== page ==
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Luge Competitor Dies Ahead Of Olympic Games

MELISSA BLOCK, host:

From NPR News, this is ALL THINGS CONSIDERED. I'm Melissa Block.

With the opening ceremony about to get under way, a horrific accident this afternoon at the Winter Olympics in Vancouver. A men's luger from the former Soviet Republic of Georgia crashed during a training run and later died.

NPR's Howard Berkes is in Vancouver. Howard, this was just a ghastly crash on the sliding track up at Whistler. What happened?

HOWARD BERKES: Well, the slider, Nodar Kumaritashvili of Georgia was on a training run, was in the last turn of the track at the bottom of the track, so he was at maximum speed, estimated to be going about 89 miles an hour, when he lost control of the sled - the luge sled. Remember, he's on his back, face up, feet first on the luge sled, hits the sidewall. The sled sort of pivots upward and he is thrown off the sled, over the wall, right into a steel pylon that's right next to the track. His body hit it at full force. He was very close to it when he came out of the track. His body hit it at full force. It's a horrific video of it to see, and then just fell in sort of a heap at the base of that steel pylon. Emergency crews, you know, rushed to the scene, tried to revive him there, rushed him to a hospital and he was pronounced dead there.

BLOCK: This is said to be the fastest luge, bobsled and skeleton track in the world, it would seem, Howard, that would also make it the most dangerous track in the world and that seems to be what we saw today.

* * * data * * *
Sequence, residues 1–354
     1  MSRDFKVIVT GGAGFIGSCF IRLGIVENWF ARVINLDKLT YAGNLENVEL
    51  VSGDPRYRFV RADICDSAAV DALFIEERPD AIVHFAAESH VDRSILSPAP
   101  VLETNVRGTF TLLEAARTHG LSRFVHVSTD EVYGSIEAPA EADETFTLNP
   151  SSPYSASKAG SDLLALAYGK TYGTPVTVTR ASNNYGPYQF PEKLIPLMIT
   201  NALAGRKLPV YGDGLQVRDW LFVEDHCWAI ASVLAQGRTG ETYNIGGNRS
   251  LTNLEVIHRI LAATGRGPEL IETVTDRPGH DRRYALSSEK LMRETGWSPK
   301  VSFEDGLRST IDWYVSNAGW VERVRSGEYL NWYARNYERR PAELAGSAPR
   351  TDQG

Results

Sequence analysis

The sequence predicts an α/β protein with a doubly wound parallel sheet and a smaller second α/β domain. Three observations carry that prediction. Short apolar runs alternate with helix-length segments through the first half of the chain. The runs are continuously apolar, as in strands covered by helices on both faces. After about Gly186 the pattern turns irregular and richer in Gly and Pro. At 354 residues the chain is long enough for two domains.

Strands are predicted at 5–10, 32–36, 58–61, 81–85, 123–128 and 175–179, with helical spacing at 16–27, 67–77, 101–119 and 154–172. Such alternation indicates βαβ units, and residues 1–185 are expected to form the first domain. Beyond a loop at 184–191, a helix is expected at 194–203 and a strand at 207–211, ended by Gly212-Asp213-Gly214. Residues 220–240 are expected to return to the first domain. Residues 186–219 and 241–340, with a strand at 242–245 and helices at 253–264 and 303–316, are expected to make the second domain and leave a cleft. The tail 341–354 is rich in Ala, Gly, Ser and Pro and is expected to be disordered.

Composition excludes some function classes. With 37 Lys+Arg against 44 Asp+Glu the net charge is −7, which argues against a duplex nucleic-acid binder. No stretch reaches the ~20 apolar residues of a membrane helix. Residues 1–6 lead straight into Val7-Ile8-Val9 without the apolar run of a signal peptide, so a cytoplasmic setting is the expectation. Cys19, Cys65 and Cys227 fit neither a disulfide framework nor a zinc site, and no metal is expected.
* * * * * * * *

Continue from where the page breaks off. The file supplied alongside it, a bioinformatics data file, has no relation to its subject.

BERKES: There have been a number of injuries - much more minor, of course - on that track just this week during training. And there have been complaints of Luge Federation officials going back a year and more recently about this track. In fact, an Australian luge athlete yesterday said that with this track, they're sort of pushing things a little too far. And she referred to athletes who were going down that track as lemmings who were thrown down it like crash test dummies. This, of course, is going to be part of the investigation now. Is this track built so that it is too difficult, it's too steep, too fast and does it not have enough protection when athletes are thrown from their sleds? Most tracks are built in such a way that if a sled starts to head out of the track there's something that keeps it in, and the athletes are supposed to be held in with walls or barriers so that they don't fly out of the track as well.

BLOCK: Well, what has the reaction been today after this fatal accident from the Georgian Olympic team and the Olympic organizers in Vancouver?

BERKES: The minister of Culture and Sports Georgia, Nikoloz Rurura, addressed reporters and he noted that the Georgian team will continue to compete at the Games.

Mr. NIKOLOZ RURURA (Minister of Culture and Sports, Georgia): Our sportsmen and our athletes decided to be loyal of Olympic Games and they will compete and dedicate their performance.

BERKES: They will dedicate the performance to their fallen comrade, he said. They will wear black stripes on their hands, the Georgian flag will have a black stripe. The International Olympic Committee said it's too early to focus on who might be to blame, but there is an investigation under way. And they said as soon as they the results of that investigation, they'll decide whether the luge events will continue in the Olympics beginning tomorrow.

BLOCK: Okay, NPR's Howard Berkes in Vancouver talking about the deadly accident today that killed a luger from the former Soviet Republic of Georgia. Howard, thank you.

BERKES: You're welcome, Melissa. Transcript provided by NPR, Copyright NPR.

NPR transcripts are created on a rush deadline by an NPR contractor. This text may not be in its final form and may be updated or revised in the future. Accuracy and availability may vary. The authoritative record of NPR’s programming is the audio record.

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Howard Berkes is a correspondent for the NPR Investigations Unit.
As special correspondent and guest host of NPR's news programs, Melissa Block brings her signature combination of warmth and incisive reporting. Her work over the decades has earned her journalism's highest honors, and has made her one of NPR's most familiar and beloved voices.
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